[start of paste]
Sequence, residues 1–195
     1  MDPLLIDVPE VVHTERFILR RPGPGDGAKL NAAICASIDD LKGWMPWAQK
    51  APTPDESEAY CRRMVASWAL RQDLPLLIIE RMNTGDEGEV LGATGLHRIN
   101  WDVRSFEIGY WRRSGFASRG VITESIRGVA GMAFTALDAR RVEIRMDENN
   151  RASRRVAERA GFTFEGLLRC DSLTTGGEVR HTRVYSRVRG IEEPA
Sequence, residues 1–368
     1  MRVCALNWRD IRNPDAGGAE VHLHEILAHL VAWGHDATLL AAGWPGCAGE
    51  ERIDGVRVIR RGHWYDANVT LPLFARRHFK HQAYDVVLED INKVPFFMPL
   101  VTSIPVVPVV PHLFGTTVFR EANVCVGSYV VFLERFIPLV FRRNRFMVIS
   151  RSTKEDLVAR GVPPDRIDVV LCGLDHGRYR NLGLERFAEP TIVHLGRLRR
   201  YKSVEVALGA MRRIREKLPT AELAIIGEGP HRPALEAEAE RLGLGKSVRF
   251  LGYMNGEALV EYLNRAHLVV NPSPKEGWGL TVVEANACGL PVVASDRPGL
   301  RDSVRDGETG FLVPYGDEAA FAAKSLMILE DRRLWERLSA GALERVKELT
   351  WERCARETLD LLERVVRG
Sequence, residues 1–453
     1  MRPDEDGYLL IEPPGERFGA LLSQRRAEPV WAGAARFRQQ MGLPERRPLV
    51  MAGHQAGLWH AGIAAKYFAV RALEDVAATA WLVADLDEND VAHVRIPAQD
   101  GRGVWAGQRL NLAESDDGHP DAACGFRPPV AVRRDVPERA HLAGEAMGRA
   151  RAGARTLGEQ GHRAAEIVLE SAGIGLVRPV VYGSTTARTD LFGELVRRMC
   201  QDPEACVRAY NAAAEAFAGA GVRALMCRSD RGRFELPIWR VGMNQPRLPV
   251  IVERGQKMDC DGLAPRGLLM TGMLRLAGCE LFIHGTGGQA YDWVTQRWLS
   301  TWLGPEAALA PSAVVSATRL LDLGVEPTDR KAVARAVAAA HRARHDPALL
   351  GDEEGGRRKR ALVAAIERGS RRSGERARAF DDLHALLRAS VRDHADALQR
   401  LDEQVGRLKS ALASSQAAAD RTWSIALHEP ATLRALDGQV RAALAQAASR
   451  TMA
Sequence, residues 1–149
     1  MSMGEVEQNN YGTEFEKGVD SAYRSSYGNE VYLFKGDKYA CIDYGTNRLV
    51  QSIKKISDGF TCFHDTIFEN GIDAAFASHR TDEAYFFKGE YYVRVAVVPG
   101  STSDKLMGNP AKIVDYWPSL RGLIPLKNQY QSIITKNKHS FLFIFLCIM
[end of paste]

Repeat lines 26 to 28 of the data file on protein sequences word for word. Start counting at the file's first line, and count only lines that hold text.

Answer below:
Sequence, residues 1–149
     1  MSMGEVEQNN YGTEFEKGVD SAYRSSYGNE VYLFKGDKYA CIDYGTNRLV
    51  QSIKKISDGF TCFHDTIFEN GIDAAFASHR TDEAYFFKGE YYVRVAVVPG